Negotiating a Restaurant Lease



Negotiating a Restaurant Lease

If you’re thinking of opening a new restaurant, leasing a space is a very important early step in the process. However, especially for small businesses, cost can be a major concern in this area.

In order to get the best possible value for your lease investment, you need to know how to negotiate favorable terms with a potential landlord. As the president of Restaurant Consulting Services, Kevin Moll has helped restaurateurs negotiate leases and run various other aspects of their businesses for decades. He recently spoke with Small Business Trends and shared some tips for negotiating restaurant lease terms.



8 Tips for Negotiating a Restaurant Lease

Let Your Budget Guide Your Search

Before you actually start looking at spaces, you need to have a very strong sense for what you can afford. This means you need to create projections for sales, price out supplies, and consider any additional expenses that your business might incur. From there, you can come up with a general price that you can sustain long term. Don’t bother looking at spaces that are significantly higher than that, as you aren’t likely to be able to negotiate a huge change in the overall expense.

Take Extra Fees into Account

You also need to know exactly what expenses go along with every specific lease and what’s included with those expenses. For example, Moll says that many landlords charge what is called a “base rent” and then include “CAM (common area maintenance) charges” on top of that, and some even charge property taxes and insurance separately as well. So when you’re comparing different spaces, you need to know what is included with each one so that you can get an accurate view of the options available to you.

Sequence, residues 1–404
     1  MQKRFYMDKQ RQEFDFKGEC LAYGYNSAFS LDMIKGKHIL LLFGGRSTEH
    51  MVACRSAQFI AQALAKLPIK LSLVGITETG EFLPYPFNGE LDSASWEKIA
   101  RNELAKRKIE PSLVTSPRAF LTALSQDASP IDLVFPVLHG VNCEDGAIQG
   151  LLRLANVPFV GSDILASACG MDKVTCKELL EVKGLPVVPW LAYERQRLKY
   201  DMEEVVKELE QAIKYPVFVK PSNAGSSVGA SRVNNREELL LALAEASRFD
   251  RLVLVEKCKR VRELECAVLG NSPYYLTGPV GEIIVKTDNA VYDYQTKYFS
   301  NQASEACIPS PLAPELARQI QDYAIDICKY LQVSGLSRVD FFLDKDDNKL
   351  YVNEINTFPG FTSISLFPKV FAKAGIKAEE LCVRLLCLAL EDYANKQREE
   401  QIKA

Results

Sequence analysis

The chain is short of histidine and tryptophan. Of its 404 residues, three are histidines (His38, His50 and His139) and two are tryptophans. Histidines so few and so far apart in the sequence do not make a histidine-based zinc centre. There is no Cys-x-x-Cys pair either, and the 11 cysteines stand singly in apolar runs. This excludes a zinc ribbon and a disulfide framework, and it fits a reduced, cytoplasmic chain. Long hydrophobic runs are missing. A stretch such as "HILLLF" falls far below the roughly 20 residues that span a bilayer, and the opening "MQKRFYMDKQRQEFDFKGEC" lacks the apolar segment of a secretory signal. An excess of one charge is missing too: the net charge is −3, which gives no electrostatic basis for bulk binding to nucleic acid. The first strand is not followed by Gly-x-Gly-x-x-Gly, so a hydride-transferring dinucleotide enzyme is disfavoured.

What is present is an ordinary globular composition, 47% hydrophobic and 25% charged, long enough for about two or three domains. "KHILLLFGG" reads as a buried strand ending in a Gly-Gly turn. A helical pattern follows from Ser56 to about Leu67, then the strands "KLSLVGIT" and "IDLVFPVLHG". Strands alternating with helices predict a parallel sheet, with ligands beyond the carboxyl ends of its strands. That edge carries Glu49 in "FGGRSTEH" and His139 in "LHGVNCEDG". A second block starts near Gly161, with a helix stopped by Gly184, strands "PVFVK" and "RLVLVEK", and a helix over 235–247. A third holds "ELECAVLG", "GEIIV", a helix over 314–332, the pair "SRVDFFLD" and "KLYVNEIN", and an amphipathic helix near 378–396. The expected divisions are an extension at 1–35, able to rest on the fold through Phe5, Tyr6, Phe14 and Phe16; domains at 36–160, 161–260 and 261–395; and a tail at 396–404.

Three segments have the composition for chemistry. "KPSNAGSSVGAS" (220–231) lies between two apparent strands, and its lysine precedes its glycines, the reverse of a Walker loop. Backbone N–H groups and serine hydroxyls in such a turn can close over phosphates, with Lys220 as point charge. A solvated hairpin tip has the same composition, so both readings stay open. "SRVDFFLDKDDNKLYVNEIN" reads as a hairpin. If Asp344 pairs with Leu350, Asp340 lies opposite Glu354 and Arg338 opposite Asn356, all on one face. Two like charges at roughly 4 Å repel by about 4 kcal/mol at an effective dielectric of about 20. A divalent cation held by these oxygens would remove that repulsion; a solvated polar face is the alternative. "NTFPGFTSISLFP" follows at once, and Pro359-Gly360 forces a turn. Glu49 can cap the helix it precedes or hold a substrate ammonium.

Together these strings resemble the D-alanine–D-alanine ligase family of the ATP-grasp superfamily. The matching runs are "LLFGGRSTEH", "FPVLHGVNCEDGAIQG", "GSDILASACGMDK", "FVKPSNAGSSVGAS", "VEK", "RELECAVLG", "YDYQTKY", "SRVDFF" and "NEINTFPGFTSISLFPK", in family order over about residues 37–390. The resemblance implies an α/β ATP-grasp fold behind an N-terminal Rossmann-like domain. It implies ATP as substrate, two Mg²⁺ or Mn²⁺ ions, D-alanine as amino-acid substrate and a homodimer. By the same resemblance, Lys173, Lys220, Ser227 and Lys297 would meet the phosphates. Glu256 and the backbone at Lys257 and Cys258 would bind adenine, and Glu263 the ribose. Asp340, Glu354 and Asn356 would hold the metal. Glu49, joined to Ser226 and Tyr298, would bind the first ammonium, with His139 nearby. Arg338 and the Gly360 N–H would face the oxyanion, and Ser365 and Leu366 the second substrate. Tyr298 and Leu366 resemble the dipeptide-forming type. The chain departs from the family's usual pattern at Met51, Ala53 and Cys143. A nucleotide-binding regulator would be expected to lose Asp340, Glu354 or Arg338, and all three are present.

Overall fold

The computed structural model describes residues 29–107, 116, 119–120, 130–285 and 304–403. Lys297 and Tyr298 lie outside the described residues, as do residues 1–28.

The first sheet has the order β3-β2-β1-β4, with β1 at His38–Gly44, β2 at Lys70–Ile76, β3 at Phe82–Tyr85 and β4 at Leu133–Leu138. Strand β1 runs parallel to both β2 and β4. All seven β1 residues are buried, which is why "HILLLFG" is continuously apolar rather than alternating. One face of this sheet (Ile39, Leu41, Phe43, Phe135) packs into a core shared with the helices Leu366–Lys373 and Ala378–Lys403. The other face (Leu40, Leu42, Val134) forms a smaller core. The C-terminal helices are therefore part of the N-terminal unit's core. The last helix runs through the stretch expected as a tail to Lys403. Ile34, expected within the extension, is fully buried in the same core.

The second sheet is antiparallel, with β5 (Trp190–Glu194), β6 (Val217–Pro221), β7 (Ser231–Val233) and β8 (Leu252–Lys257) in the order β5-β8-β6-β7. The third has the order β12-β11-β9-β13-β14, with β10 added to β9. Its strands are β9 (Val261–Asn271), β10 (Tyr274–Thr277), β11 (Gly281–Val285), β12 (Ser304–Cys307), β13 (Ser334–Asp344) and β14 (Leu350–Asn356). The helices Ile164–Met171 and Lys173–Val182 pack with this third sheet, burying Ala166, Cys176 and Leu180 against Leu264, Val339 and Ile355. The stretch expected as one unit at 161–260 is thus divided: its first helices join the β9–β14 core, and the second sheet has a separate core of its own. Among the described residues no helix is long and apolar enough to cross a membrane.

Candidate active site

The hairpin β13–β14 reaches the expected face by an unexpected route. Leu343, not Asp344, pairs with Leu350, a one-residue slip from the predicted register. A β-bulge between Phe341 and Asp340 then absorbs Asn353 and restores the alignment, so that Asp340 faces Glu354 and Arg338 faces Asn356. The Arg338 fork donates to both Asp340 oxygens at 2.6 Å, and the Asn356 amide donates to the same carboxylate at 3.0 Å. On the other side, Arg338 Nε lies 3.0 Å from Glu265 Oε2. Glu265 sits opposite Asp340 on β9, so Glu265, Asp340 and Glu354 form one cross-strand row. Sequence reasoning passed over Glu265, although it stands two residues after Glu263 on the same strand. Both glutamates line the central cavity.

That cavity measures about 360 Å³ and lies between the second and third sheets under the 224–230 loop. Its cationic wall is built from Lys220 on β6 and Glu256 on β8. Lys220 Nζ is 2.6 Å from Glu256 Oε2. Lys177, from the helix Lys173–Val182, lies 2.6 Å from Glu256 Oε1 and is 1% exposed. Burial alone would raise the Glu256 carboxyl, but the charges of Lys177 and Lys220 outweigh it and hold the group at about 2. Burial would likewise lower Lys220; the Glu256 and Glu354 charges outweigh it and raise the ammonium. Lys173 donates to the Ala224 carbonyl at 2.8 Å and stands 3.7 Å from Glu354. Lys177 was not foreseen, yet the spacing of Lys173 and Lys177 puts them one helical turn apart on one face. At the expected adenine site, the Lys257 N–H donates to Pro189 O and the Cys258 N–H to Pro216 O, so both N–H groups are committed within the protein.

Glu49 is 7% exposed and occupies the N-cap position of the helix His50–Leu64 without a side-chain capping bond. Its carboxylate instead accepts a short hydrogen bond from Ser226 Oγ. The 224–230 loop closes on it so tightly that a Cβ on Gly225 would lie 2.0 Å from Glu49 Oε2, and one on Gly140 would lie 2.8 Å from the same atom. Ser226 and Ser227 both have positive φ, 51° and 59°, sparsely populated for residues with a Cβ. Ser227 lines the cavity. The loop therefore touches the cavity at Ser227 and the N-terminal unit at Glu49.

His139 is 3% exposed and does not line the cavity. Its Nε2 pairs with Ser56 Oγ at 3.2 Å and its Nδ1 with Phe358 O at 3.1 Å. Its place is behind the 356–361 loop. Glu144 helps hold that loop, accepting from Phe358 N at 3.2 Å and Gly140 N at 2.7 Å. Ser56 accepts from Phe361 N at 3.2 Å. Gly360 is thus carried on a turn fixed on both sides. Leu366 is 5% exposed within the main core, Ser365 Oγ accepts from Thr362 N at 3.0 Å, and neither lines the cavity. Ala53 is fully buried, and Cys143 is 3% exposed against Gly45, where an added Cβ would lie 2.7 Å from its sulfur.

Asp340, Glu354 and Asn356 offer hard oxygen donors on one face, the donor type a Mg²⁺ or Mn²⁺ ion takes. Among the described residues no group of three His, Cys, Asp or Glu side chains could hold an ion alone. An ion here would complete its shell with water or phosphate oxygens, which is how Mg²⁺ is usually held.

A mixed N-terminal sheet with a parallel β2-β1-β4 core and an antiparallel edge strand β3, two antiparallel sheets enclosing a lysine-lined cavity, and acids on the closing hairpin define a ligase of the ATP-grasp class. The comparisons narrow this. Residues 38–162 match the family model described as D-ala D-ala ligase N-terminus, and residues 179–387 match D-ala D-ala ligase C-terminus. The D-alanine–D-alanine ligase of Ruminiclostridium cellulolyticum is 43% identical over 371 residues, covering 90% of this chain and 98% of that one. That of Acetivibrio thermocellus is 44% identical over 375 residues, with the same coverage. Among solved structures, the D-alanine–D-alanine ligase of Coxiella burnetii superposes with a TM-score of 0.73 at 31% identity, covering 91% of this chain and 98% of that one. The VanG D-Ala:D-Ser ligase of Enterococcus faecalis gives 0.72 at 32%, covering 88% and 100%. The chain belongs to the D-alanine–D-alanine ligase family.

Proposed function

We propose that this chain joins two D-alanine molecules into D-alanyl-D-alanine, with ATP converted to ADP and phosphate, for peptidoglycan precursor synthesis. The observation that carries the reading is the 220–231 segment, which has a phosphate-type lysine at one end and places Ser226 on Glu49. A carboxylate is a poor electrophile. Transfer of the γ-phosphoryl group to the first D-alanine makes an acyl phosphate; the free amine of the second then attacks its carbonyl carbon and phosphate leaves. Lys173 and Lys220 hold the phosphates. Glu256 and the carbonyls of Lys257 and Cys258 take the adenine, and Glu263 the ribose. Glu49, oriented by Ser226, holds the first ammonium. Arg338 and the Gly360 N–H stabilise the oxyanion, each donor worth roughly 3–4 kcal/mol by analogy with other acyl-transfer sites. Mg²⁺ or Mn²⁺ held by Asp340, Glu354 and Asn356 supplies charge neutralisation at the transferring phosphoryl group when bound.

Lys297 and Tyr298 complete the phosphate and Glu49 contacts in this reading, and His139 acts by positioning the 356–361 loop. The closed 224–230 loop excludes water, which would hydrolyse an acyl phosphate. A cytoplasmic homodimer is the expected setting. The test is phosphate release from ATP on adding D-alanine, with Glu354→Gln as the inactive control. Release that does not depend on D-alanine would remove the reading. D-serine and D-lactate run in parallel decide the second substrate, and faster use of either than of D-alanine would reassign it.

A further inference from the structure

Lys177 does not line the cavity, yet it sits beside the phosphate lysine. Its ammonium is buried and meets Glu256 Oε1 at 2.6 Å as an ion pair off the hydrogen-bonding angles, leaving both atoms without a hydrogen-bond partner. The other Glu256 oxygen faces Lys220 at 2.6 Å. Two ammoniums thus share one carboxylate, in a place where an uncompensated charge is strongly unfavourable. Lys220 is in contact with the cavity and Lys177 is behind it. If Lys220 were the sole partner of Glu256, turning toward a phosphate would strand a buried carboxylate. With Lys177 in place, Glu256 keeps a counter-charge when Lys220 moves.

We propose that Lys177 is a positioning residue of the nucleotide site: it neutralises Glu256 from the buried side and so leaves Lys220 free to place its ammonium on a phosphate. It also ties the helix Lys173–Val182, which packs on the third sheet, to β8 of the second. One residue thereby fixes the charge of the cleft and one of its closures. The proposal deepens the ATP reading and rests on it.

Build a Strong Business Plan

A property owner is a lot like any other business owner in that they want to attract strong “customers” who can sustain their business long term. If your business isn’t proven, then you need a way to show a potential landlord that you’d be a great tenant and capable of paying all of your expenses for a long time. Otherwise, they have no incentive to negotiate with you at all.

Moll explains, “Do not expect to get a great lease on favorable terms unless you have a business plan or something to show off your brand and concept in a positive light. Your landlord wants to know that you can pay the rent. And that means they need to have a qualified and capable tenant that is going to be a complementary tenant to add into their retail mix.”





Negotiate in Building Repairs

One of the biggest mistakes that Moll sees with new restaurant owners is the compulsion to put tons of money into a space that they don’t own. Sure, you want your restaurant to look great. But you can probably make great strides by investing in quality equipment, furniture and decor. And any necessities that need to be added to a space, like vent hoods or grease traps for the kitchen, should be discussed with the landlord prior to signing a lease. Since these items are essential for any restaurant, they should be willing to pay for those items or reimburse you.